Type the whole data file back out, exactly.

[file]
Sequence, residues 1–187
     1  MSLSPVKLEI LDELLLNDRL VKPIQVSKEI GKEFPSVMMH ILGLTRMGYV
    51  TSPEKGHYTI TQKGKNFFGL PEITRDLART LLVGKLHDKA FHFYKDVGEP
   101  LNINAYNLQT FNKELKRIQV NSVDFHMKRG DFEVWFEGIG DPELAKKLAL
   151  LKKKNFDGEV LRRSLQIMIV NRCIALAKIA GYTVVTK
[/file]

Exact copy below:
Sequence, residues 1–187
     1  MSLSPVKLEI LDELLLNDRL VKPIQVSKEI GKEFPSVMMH ILGLTRMGYV
    51  TSPEKGHYTI TQKGKNFFGL PEITRDLART LLVGKLHDKA FHFYKDVGEP
   101  LNINAYNLQT FNKELKRIQV NSVDFHMKRG DFEVWFEGIG DPELAKKLAL
   151  LKKKNFDGEV LRRSLQIMIV NRCIALAKIA GYTVVTK